Breastfeeding with Lupus and Sjogrens

Just needing some advice and reassurance as have a 6 week old baby and really struggling to breastfeed due to painful nipples/areola and time pressure to express (low volumes 40-60ml each time). Having to give formula top ups to 120ml so feel baby is getting inadequate feed during breastfeeding.

Also had a flare up of hand joint pains/fatigue/more dry eyes with not sleeping/eczema with hand washing on top of general 'baby tiredness' so struggling to open bottle tops and carry out fine movements/daily routine.

Also had very poor care in and after labour in a tertiary specialist hospital as staff too busy to provide basic care so still coming to terms with this too. Frustrating!

Am on Hydroxychloroquine and not aware it affects breastfeeding.

Any helpful advice would be greatly appreciated as finding midwives/health visitor too pushy and not taking my conditions into account and just keep telling me to breastfeed and express more to produce more milk.

Anyone who has had similar experiences and has some advice/anecdotes would be great to hear from you.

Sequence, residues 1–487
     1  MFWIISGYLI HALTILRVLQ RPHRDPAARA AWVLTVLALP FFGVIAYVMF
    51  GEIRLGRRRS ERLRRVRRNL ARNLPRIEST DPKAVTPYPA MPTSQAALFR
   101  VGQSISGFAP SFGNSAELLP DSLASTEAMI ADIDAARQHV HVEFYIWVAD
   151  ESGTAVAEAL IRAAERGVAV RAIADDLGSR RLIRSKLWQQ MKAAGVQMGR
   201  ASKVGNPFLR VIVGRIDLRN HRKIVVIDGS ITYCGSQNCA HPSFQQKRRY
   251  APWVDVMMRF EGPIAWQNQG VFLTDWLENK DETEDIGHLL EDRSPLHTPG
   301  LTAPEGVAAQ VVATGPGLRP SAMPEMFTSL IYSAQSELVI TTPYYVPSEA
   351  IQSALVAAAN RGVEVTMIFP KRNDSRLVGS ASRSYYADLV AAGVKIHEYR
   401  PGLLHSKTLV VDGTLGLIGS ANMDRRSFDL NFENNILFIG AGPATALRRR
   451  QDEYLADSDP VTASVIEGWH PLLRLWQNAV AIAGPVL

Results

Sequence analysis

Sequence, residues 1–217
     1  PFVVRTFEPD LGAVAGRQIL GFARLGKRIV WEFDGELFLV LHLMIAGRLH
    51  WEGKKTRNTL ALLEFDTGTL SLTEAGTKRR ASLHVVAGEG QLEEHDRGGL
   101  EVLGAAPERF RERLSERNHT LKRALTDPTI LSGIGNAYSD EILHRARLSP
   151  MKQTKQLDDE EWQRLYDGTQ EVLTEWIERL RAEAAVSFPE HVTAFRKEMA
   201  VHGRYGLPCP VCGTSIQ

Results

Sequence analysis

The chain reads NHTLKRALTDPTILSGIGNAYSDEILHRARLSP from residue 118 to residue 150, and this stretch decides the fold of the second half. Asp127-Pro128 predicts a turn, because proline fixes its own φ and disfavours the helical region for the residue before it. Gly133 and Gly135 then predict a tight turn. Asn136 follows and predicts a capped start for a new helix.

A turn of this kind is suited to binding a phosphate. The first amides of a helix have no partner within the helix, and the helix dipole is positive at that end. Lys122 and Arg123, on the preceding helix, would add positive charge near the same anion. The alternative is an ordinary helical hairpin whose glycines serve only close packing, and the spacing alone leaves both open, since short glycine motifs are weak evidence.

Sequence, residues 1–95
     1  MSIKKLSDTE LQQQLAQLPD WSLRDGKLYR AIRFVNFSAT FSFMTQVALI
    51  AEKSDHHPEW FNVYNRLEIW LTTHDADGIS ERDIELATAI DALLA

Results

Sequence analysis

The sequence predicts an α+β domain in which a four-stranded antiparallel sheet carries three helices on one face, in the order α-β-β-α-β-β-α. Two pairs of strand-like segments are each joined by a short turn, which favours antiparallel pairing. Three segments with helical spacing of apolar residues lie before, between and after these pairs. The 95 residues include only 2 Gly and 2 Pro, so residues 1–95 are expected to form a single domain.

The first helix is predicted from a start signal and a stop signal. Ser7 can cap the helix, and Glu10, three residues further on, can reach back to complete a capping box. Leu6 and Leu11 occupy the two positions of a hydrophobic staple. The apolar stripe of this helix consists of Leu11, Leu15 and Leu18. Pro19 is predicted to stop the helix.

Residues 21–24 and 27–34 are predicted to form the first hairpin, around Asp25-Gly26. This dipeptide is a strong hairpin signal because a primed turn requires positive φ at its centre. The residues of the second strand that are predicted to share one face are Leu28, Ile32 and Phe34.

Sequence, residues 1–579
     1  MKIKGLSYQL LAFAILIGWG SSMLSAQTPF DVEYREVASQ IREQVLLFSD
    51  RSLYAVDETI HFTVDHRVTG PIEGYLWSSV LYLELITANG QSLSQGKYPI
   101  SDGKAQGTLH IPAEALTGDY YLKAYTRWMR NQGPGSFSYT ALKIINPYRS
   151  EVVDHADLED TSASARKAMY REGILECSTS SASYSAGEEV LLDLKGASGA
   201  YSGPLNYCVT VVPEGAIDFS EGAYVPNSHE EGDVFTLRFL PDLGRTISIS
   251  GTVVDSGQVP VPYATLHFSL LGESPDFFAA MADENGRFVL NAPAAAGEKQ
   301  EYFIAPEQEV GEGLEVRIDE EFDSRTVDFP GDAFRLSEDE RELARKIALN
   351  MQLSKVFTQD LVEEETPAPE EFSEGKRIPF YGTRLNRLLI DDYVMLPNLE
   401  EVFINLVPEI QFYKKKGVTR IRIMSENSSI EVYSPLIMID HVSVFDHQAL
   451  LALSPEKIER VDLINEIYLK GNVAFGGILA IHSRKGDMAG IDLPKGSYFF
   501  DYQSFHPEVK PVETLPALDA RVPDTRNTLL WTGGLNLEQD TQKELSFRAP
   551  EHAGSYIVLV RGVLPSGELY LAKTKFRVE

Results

Many thanks.

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  • Probably not the advice you want but I'd stop trying. I choose not to breast feed due to my lupus 7 months ago so that hubby could do some of the feeds & allow me to rest. And by the sounds if it you need to rest (as much as you can with a baby)

    Sorry I'm not much help but hope you feel better soon

    Xx

  • Thanks for your reply AlisonM. I think that I will have to reside myself to stop breastfeeding as it's taking too much a toll on my health. I am stubborn so it does not help me trying to push myself on. I really try not to let 'the condition' take over but I suppose it is time to admit when it's getting too much.

  • Hi, congratulations on your new addition :-)